Double identity

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One Ryerson athlete is helping the women’s hockey team reach varsity status while playing another sport for the enemy. Alan Hudes and sports editor Sean Tepper report

After three seasons with Ryerson’s women’s soccer team, Tessa Dimitrakopoulos was fed-up.

Between 2006 and 2008, the team boasted an unimpressive 15-21-10 record and always found themselves in the middle of the pack, fighting tooth and nail for a playoff berth. While the team was average, Dimitrakopoulos certainly wasn’t. In 45 games with the Rams, Dimitrakopoulos, who now plays hockey for Ryerson’s women’s hockey team, scored a staggering 29 goals and was consistently near the top of the league in scoring.

She was an elite player on a mediocre team and Dimitrakopoulos realized something would have to change if she ever wanted to win an Ontario University Athletics (OUA) championship. This fall, she joined the Varsity Blues’ soccer team.

“I knew this was going to be my last year playing soccer and I wanted to play for a team that I thought would go a little further in [the playoffs],” admitted Dimitrakopoulos. “I don’t want to offend Ryerson when I’m saying this, but I wanted to do better in the standings and maybe push for some sort of title … I really like their soccer program and I thought this would be the year that I could do it — the only year I could do it.”

Since every university athlete is given five years of eligibility by Canadian Interuniversity Sports (CIS), Dimitrakopoulos still had two years of eligibility remaining despite the fact that she currently plays for Ryerson’s women’s hockey team and has since 2007. This is because the Toronto Stingers, Ryerson’s women’s hockey team, don’t become an official CIS team until next fall. With her eligibility clock ticking, Dimitrakopoulos took a look at U of T’s lineup and decided that now was as good a time as ever to join the Varsity Blues.

“I was going to do it after I finished graduating at Ryerson and my plan was to go to teacher’s college at U of T and then play soccer at the same time,” Dimitrakopoulos said.

“But there were a lot of fourth-year and fifth-year players this year, so I thought this would be the best time to play for them because they had a bunch of veterans on the team.”

In terms of senior representation, U of T boasted the deepest women’s team in the OUA. Not including Dimitrakopoulos, the Varsity Blues’ roster featured nine fourth and fifth-year players, more than any other team in the league. The Stinger’s jump to the CIS next year was imminent and Dimitrakopoulos knew this was the last year that she could play soccer.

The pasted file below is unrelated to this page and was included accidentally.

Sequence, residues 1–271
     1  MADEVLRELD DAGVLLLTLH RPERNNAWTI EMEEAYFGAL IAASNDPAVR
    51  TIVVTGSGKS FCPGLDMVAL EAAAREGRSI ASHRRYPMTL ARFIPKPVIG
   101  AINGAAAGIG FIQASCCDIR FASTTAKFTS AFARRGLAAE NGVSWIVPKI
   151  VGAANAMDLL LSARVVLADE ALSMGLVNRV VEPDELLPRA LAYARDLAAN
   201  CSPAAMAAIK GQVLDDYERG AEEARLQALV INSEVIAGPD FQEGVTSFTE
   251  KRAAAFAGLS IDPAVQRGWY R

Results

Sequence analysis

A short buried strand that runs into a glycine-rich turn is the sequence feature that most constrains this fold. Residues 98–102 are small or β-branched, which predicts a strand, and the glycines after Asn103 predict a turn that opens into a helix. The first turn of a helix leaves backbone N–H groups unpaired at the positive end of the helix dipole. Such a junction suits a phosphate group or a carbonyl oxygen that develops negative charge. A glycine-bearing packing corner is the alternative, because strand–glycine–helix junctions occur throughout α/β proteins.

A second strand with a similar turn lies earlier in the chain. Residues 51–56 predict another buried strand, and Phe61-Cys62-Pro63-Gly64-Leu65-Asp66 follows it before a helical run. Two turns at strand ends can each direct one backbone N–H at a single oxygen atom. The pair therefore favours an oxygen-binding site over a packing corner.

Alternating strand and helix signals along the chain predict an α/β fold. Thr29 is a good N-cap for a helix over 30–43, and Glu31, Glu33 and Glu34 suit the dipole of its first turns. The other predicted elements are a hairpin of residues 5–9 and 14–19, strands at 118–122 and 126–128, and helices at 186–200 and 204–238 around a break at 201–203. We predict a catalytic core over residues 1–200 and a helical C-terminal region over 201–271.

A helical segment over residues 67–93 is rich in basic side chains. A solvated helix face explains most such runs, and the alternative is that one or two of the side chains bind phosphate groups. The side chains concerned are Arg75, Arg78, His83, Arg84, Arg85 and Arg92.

But while Ryerson allowed her to still play for the Stingers, Dimitrakopoulos was told to keep the two teams separate.

“Tessa and I made an agreement [that] when she is with our team, it’s all about Ryerson,” said Stephanie White, the Stingers’ head coach.

“We don’t talk about that other team. I understand why she needed to make some decisions [but] we always want her to be a Ryerson athlete and student and I think that Ryerson really is in her heart as an athlete.”

As the only remaining member of the women’s hockey team’s inaugural 2007-08 season, Dimitrakopoulos has become an integral part of the team, as she has assumed a leadership role both on and off the ice.

“I remember when our team entered just one tournament, and had a couple practices here and there,” Dimitrakopoulos said.

Now, the Stingers are playing in their final year in the Golden Blades Women’s Hockey League at York University and preparing to enter the CIS next season, where they will play at Maple Leaf Gardens.

In addition to being third on the team in scoring with nine goals and four assists in 14 games, the lone fourth-year veteran has embraced a more significant role among her teammates with the expected jump to the varsity level.

“Rookies look up to you to see what’s expected,” Dimitrakopoulos said. “They’re not used to becoming a CIS team — they’ve never been on [one] before.” After playing four seasons of university soccer, Dimitrakopoulos has one year remaining in CIS eligibility. With the opening face-off at Maple Leaf Gardens only nine months away, Dimitrakopoulos has no hesitation regarding her plans to return to the ice for next year.

“I’ve been with [the Stingers] since the beginning,” Dimitrakopoulos said. “To stick with them all these years and then finally when it becomes a CIS team, to just leave, I couldn’t do that.”

Photo: Chelsea Pottage

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